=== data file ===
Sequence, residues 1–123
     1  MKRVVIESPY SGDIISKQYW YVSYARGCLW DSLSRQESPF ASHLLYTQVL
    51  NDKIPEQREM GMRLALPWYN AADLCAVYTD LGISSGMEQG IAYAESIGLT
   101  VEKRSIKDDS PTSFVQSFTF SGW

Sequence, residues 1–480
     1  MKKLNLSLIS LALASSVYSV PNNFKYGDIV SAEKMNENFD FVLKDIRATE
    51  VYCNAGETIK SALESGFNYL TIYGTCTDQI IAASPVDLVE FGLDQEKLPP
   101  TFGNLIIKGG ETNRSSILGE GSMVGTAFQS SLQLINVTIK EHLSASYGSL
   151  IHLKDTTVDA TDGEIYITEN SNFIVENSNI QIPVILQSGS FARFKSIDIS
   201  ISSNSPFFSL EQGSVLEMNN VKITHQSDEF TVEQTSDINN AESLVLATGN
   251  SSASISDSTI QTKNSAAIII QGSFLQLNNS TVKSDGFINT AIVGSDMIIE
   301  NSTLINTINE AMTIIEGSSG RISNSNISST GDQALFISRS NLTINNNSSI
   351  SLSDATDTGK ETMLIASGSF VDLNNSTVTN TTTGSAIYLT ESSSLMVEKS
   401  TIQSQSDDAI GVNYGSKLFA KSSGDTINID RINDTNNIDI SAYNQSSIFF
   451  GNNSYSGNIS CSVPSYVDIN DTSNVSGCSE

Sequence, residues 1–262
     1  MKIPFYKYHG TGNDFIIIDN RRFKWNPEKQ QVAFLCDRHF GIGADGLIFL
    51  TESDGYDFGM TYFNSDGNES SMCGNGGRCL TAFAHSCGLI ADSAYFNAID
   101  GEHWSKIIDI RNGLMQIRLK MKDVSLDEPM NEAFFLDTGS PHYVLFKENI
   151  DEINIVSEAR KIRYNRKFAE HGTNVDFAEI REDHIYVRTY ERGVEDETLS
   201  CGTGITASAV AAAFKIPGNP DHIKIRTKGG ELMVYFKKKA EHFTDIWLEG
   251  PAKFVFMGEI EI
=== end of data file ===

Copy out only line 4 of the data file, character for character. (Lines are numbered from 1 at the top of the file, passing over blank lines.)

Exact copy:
   101  VEKRSIKDDS PTSFVQSFTF SGW